As companies navigate challenges and opportunities associated with hiring for executive leadership roles, total compensation packages are a strong focus in combating the gender gap within the workforce. On average, ON data found that executive men secured a bigger bonus and equity payout in 2023. This resulted in men obtaining an average sign-on bonus of $143K and women of $129K. As it pertained to average base salaries, executive women negotiated a higher base pay.  This data suggests that women are placing more emphasis on immediate salary compensation benefits. 

Tempting Talent Reveals Wide Gender Pay Gap Across U.S. Executive Search Sector
Tempting Talent’s USA Executive Search & Recruitment Compensation Report revealed a gender pay gap of up to 41 percent across the U.S. executive search and recruitment industry. The aim of the report, said the consultancy, is to make the industry more transparent and help business owners by offering insights into issues like gender pay gaps, average compensation and market saturation. The findings will come as a concern for the industry, particularly for experienced staff, as respondents with over 11 years of tenure face a pay gap of 41 percent between men and women professionals. There is also a gap for those just entering the sector, as findings uncovered respondents with under five years of experience are subject to a 12 percent pay gap.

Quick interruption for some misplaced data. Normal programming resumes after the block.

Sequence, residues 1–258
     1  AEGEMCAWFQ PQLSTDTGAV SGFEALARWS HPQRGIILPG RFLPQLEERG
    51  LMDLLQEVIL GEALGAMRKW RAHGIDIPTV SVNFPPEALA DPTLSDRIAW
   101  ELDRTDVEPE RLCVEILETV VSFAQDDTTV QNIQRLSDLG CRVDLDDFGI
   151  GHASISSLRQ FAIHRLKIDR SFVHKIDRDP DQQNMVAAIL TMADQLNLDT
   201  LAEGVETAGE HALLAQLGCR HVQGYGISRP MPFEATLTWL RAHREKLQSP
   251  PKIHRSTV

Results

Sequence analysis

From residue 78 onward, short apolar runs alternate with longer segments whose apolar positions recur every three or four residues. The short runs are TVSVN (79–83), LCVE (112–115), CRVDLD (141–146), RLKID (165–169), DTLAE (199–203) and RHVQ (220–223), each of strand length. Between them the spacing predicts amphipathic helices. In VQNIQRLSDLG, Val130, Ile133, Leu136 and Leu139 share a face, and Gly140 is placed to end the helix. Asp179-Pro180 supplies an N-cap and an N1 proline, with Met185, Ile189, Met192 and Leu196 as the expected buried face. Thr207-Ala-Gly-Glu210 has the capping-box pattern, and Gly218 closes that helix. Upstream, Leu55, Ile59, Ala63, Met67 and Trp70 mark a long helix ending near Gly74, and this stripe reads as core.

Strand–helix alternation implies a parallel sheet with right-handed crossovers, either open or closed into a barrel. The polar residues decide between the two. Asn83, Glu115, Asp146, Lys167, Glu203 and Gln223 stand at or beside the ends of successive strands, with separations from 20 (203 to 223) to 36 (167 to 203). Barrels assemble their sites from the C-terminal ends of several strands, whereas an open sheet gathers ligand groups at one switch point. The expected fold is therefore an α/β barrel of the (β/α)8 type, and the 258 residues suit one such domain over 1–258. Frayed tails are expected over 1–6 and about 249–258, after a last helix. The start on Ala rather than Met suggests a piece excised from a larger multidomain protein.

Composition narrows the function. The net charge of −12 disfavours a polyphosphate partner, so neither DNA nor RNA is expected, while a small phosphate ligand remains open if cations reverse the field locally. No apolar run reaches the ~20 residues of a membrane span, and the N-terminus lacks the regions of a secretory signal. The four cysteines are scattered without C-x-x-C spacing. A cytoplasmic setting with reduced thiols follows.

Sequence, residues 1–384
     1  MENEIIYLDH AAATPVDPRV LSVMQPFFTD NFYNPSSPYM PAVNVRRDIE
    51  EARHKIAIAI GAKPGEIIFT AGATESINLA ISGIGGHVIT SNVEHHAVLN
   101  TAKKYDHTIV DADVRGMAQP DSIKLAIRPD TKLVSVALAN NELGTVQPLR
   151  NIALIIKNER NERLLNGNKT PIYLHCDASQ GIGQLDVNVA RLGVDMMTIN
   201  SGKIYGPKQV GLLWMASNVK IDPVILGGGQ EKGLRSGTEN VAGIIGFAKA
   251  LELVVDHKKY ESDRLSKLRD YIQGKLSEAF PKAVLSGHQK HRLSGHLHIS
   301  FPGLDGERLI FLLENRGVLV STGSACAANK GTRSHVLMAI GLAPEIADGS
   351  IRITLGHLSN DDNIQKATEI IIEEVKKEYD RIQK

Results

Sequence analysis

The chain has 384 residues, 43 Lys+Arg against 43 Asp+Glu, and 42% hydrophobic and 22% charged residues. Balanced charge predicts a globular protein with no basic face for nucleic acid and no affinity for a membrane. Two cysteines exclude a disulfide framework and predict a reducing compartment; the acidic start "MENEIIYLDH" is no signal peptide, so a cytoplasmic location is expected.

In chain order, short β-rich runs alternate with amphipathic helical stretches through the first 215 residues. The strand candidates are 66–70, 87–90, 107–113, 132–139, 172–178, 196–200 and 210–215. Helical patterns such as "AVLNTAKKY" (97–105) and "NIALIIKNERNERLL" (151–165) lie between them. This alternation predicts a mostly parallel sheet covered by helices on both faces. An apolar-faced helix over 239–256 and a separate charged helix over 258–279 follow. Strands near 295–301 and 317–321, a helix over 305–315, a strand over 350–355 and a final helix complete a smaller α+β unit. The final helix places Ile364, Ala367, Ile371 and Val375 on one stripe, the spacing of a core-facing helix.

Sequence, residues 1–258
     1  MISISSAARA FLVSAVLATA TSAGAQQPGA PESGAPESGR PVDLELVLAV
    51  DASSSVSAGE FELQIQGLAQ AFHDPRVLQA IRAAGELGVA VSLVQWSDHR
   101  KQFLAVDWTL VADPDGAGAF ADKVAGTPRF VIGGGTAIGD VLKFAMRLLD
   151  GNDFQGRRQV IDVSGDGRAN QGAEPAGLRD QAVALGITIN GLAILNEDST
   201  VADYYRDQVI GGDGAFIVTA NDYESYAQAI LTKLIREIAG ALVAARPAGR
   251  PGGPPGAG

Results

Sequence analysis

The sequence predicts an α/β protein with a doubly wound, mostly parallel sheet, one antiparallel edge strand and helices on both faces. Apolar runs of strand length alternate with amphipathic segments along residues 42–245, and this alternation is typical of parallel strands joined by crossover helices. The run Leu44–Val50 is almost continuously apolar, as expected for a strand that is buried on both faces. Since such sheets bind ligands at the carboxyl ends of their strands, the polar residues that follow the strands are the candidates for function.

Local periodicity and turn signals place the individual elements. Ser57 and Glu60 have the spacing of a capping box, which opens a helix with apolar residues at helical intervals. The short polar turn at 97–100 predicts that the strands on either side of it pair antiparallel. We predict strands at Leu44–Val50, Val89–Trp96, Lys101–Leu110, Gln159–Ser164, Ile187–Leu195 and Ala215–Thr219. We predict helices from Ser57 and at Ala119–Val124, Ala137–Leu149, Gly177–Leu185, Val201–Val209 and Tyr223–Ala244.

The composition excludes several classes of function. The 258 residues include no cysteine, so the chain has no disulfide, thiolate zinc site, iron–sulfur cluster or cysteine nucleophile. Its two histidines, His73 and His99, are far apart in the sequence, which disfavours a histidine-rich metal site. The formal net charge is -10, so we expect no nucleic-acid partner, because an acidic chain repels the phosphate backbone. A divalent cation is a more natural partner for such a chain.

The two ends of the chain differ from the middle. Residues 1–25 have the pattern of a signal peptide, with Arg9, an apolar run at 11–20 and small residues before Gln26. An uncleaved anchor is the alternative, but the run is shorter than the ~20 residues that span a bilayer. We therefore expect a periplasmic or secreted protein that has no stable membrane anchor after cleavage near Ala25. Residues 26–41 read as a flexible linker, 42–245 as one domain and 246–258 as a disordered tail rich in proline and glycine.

In looking at figures for gender and base salaries in executive search and contingent recruitment across the U.S., Tempting Talent found an overall gap of 15 percent. The average compensation for males was $106,411, compared to just $90,063 for females. This, said Tempting Talent, was only an average and did not provide a holistic insight into the entire industry.

“Oftentimes, there is too much of an emphasis on first year’s cash during hiring negotiations that executive candidates lose sight of the long game and important components of the total package, including long-term incentives and equity,” said Tara Flickinger, partner at ON Partners. 

The 2024 Gender Pay Gap Report by Payscale provided additional insight into the variation of wages.  Women earn 83 cents on the dollar compared to men, with executives facing an even wider gap at 72 cents. However, overall gender pay gap remains unchanged despite the strides made in pay transparency legislation this year – but there has been progress on narrowing the racial wage gap.

“While the gender pay gap has not closed since introducing pay transparency legislation, the gap is narrowing and is starting to close for certain segments and locations,” said Ruth Thomas, pay equity strategist at Payscale. “Looking ahead, organizations need to remain focused on pay equity as a central pillar to compensation management, as well as diversity, equity, inclusion, and belonging (DEIB) practices. Fair pay doesn’t just happen. Employers need to proactively create equitable opportunities and measure equitable outcomes.”

Related: Want Higher Profits? Put a Woman in the Top Job